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Moravian Workbench

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Project by BRolls posted 12-18-2020 04:05 PM 1583 views 7 times favorited 28 comments Add to Favorites Watch

Hi All,

I have a small workshop that is slightly larger than the size of a one car garage. I was looking to build a workbench that I could move around easily if needed, but I also wanted it to be sturdy. The Roubo style workbench I had before, which was a Craigslist buy, wobbled on my uneven floor and the shims under the feet would always come loose. So I built a Will Myers Moravian workbench with mostly hand tools (used table saw to dimension the quarter sawn oak boards that make up the laminated top). It’s got a mostly Douglas Fir undercarriage, maple wooden vise screw (2 tpi) from the “brickclickin” eBay seller, and a Cherry vise chop I made. I also added a hand forged plane stop from HowardBlacksmiths on Etsy, and a Christiansen (cir. 1930s) bench vise that I found locally. I’m using Gramercy holdfasts in 3/4” dog holes. I tried buying holdfasts from a small business on Etsy, but they didn’t work. I won’t mention that maker here, since I got a full refund.

So far the bench has worked great. It’s super sturdy, really heavy with the oak top, and I made it to fit my height perfectly. Let me know if you have any questions.

Thanks for reading!





28 comments so far

View Notw's profile

Notw

943 posts in 2808 days


#1 posted 12-18-2020 04:41 PM

Looks awesome, all you need now is a will myers wagon vise.

View theoldfart's profile

theoldfart

12544 posts in 3506 days


#2 posted 12-18-2020 04:45 PM

Wonderful build BRolls. How is the planning stop working out? Your pics brought back a lot of memories from building my bench, a Roubo with the same vise setups as yours. Keep posting.

-- "With every tool obtained, there is another that is needed" DonW ( Kevin )

View controlfreak's profile

controlfreak

1977 posts in 656 days


#3 posted 12-18-2020 04:59 PM

This looks great! I am part way through my build so yours is inspirational for me. I love the look of he top being oak. I choose SYP over a solid oak top. The oak was from a 150 year old beam and would be dimensioned but at $500 too much for my first attempt. After seeing yours a laminated oak one may find its way to my top later down the road.

What height did you end up with? How tall are you? I haven’t cut my leg bottoms yet but I am getting close to that decision.
The storage underneath, is that just a rebate with planks across it? Curious on how that went together because I am milling my long stretchers this weekend.

View BRolls's profile

BRolls

16 posts in 119 days


#4 posted 12-18-2020 05:37 PM

Thanks, controlfreak. The laminated oak really adds some weight to it, which is great with fir undercarriage. SYP isn’t really available in Colorado, so that’s why I used fir, but it worked well. I just screwed some thin pine ledges to the inside of the long stretchers and sat crosscut, 2×6 boards across. These thick boards also added weight. I was planning to use the 2×6 flat sawn board for the tool tray bottom but it cupped too badly for me to use. I don’t have an electric planer so I wasn’t going to try and flatten it out.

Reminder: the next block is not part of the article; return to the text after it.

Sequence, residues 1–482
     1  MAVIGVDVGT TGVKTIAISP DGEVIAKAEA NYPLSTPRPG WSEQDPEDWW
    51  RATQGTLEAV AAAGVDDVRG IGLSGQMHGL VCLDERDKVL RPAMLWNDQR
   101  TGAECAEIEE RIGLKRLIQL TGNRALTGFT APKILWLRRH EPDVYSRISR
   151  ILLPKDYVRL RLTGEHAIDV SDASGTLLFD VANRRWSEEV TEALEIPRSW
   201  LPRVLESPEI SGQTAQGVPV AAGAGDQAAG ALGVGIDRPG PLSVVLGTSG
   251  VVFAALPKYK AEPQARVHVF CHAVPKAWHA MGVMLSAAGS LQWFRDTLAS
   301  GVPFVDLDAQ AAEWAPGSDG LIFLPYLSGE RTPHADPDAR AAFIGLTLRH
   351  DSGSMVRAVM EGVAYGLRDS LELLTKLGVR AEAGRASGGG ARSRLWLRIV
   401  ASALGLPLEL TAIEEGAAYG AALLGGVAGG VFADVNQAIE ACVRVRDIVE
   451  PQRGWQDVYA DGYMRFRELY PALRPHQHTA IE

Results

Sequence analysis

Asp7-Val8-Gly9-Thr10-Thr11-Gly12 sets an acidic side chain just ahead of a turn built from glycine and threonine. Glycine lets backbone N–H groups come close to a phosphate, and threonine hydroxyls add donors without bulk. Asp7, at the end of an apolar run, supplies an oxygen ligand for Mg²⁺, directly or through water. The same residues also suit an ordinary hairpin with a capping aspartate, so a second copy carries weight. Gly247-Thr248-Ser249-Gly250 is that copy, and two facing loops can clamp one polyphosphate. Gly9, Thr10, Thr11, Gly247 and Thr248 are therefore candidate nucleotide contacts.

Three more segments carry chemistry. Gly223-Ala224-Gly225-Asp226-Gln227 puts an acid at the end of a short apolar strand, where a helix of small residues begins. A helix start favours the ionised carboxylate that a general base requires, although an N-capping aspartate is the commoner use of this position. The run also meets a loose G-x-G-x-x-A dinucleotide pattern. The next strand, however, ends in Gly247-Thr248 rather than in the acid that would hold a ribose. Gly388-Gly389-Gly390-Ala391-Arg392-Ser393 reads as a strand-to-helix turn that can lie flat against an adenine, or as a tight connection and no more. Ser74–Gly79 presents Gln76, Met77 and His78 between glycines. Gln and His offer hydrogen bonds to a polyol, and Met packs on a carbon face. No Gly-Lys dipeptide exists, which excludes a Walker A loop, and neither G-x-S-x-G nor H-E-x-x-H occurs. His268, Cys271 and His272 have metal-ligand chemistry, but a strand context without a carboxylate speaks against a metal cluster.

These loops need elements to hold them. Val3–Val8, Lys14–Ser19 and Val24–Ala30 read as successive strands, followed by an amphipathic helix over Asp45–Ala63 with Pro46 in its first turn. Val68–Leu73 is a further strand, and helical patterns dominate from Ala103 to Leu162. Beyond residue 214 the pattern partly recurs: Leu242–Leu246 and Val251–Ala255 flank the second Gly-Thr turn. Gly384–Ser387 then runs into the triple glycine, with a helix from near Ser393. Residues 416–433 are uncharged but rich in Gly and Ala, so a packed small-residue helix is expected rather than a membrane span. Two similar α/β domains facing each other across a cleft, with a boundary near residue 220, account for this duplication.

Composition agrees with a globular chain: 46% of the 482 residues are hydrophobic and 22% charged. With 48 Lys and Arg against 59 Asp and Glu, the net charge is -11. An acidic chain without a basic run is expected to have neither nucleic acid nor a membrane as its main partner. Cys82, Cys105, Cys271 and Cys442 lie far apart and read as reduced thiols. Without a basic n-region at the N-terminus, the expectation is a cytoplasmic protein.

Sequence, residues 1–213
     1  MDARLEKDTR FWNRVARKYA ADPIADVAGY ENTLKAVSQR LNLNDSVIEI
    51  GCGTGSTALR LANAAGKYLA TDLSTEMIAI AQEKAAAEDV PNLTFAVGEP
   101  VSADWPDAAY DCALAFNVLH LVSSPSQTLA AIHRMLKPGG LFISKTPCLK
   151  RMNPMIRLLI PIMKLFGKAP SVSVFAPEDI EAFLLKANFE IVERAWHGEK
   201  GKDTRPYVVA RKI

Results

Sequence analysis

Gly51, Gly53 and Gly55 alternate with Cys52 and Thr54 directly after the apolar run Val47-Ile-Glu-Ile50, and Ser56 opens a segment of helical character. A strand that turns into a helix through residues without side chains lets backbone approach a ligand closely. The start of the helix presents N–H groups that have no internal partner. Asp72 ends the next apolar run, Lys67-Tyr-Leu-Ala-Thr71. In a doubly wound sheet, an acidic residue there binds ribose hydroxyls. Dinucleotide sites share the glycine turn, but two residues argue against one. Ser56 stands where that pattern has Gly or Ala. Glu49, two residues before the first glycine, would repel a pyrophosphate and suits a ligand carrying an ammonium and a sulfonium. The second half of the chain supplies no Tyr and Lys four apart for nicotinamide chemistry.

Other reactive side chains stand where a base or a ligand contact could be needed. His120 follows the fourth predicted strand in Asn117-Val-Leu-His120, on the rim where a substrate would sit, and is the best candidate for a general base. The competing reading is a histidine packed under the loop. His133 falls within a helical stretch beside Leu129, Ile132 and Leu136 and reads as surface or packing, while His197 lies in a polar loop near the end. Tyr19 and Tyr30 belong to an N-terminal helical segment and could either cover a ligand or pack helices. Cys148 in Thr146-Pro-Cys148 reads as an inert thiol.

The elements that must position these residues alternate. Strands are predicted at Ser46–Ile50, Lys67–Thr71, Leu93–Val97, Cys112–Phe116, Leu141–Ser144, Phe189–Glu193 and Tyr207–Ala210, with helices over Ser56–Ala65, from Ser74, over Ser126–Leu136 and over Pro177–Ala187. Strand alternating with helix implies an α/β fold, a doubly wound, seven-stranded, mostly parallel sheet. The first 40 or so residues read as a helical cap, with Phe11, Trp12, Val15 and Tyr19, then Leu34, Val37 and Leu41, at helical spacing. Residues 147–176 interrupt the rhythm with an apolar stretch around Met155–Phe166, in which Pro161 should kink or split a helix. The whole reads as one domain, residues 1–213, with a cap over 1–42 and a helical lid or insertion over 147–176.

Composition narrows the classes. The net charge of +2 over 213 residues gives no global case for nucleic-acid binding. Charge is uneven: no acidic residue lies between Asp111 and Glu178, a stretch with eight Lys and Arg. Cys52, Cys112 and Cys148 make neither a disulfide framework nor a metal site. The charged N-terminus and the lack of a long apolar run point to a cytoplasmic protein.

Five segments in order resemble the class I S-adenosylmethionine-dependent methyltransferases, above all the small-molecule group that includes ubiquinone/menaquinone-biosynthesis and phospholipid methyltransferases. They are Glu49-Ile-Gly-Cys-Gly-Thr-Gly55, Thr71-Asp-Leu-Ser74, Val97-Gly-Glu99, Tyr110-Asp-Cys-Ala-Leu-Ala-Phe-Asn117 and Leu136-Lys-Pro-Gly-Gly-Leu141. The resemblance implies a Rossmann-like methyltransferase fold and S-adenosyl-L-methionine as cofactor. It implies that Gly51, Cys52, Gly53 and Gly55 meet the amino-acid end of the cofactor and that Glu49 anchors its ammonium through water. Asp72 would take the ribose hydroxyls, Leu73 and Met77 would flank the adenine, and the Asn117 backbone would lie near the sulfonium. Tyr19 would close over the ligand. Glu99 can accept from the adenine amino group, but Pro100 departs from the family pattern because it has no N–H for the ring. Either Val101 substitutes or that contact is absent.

The long stretchers are 4X4s rather than the dimensions that Will Myers recommends. Again, I really on had hand tools and a small table saw so I just made the stretchers and legs out of 4×4s.

As for the height of the bench top, I went by used the hand measuring method that Jim Tolpin describes well in this video: https://www.youtube.com/watch?v=bBS5-AV81lg. I’m about 5’ 7” so my bench top height ended up being 34 3/4”. This is actually probably a smidge too tall, but I wanted the bench to also be reasonably comfortable when I’m standing upright, and not just perfect for hand planing. I hope that info is helpful.


This looks great! I am part way through my build so yours is inspirational for me. I love the look of he top being oak. I choose SYP over a solid oak top. The oak was from a 150 year old beam and would be dimensioned but at $500 too much for my first attempt. After seeing yours a laminated oak one may find its way to my top later down the road.

What height did you end up with? How tall are you? I haven t cut my leg bottoms yet but I am getting close to that decision.
The storage underneath, is that just a rebate with planks across it? Curious on how that went together because I am milling my long stretchers this weekend.

- controlfreak


View pottz's profile

pottz

16193 posts in 2039 days


#5 posted 12-18-2020 05:39 PM

real nice bench,that should last a couple life times.

-- working with my hands is a joy,it gives me a sense of fulfillment,somthing so many seek and so few find.-SAM MALOOF.